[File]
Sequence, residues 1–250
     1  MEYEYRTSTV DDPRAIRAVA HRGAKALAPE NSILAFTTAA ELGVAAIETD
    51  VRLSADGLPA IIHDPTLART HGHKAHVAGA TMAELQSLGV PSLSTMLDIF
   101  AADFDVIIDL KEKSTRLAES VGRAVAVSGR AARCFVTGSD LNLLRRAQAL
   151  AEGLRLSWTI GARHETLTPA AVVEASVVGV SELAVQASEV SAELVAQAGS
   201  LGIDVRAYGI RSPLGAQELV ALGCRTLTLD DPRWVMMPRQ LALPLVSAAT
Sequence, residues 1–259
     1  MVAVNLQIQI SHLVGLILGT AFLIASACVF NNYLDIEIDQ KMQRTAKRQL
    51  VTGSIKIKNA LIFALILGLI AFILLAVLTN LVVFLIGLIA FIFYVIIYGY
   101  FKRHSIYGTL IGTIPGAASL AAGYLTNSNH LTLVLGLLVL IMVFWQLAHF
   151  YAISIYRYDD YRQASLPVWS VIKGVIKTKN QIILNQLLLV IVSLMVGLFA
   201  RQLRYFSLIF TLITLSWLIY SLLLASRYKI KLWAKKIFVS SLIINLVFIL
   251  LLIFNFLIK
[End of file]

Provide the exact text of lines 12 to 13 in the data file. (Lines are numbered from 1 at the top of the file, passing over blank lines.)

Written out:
   201  RQLRYFSLIF TLITLSWLIY SLLLASRYKI KLWAKKIFVS SLIINLVFIL
   251  LLIFNFLIK